Air Force Bases

Minuteman II Legacy

With the implementation of the START Treaty, only Delta-01 and Delta-09 of Ellsworth Air Force Base and the Oscar-01 LCC at Whiteman Air Force Base in Missouri remain as examples of Minuteman IIs. A comparison of the Whiteman facility and former Ellsworth facility reveals some significant differences. First, Oscar-01 at Whiteman reflects the "controlled response" era of Minuteman design, with its ground support facilities hardened belowground. In contrast, the Delta-01 LCF, formerly of Ellsworth, belongs to the earlier period of massive retaliation, as indicated by the "soft" siting of its support facilities aboveground. Second, the Whiteman site is located on the Air Force Base proper, instead of being dispersed, like the Ellsworth sites, in a remote missile field, as was more typical of the Minuteman basing configuration. Third, Whiteman's Oscar-01 is not a complete Launch Complex. Not only does it lack a LF, but it also lacks an aboveground LCF support building. In a typical Minuteman Launch Complex, such as represented by the former Ellsworth Site Delta-01, the LCF support building provided accommodations for Air Force personnel stationed in the missile field, and served as a security control center. Since the surrounding air base provided Whiteman's Oscar-01 with these services, a separate LCF support building was considered unnecessary. The Delta Flight Launch Complex in South Dakota is the only surviving intact example of the original Minuteman configuration, designed to implement the Cold War policy of massive retaliation and is also the only intact formerly operational Minuteman II site remaining in the United States.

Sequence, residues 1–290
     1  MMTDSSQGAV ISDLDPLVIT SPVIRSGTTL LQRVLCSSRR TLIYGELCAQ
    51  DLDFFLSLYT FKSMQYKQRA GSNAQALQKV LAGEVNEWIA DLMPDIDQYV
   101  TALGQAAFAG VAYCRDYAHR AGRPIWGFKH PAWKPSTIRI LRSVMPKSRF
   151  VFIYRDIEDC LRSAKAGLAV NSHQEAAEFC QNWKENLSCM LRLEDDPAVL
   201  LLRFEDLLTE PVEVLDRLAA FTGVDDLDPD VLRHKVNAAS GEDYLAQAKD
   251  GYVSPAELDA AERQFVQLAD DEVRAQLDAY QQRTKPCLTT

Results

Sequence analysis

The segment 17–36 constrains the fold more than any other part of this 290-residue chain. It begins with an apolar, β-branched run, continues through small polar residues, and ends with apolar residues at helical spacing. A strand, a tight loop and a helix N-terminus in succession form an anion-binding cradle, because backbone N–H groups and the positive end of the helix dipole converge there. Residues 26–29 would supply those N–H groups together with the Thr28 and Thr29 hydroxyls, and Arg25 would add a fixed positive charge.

Since the successful completion of the START Treaty, the United States and the Russian Republic have continued their efforts aimed at further arms reductions. A 1994 agreement between the two countries resulted in reprogramming the targeting system of United States and Russian ICBMs and SLBMs. This important though largely symbolic policy shift meant that United States and Soviet nuclear missiles were no longer aimed at each other. The START II Treaty, ratified in 1996, mandates elimination of all land based ICBMs with multiple independently targeted warheads and a sixty-five percent reduction in each country's remaining nuclear arsenal. The signing of the Helsinki Protocol by the United States and Russia in 1997, better known as START III, established a framework for future arms reduction negotiations that aims to reduce the number of nuclear weapons held by these two countries by an additional thirty to forty percent.

Clearly the international legacy of the Cold War, at least in terms of its nuclear component, remains. The first two generations of Minuteman, however, do not. Having negotiated an end to the Cold War, Soviet and American leaders recognized a need to remember this crucial moment in global history. Minuteman Missile National Historic Site is one such piece of the past and place of memory, and in the next section we will explore this site's origins as a public space.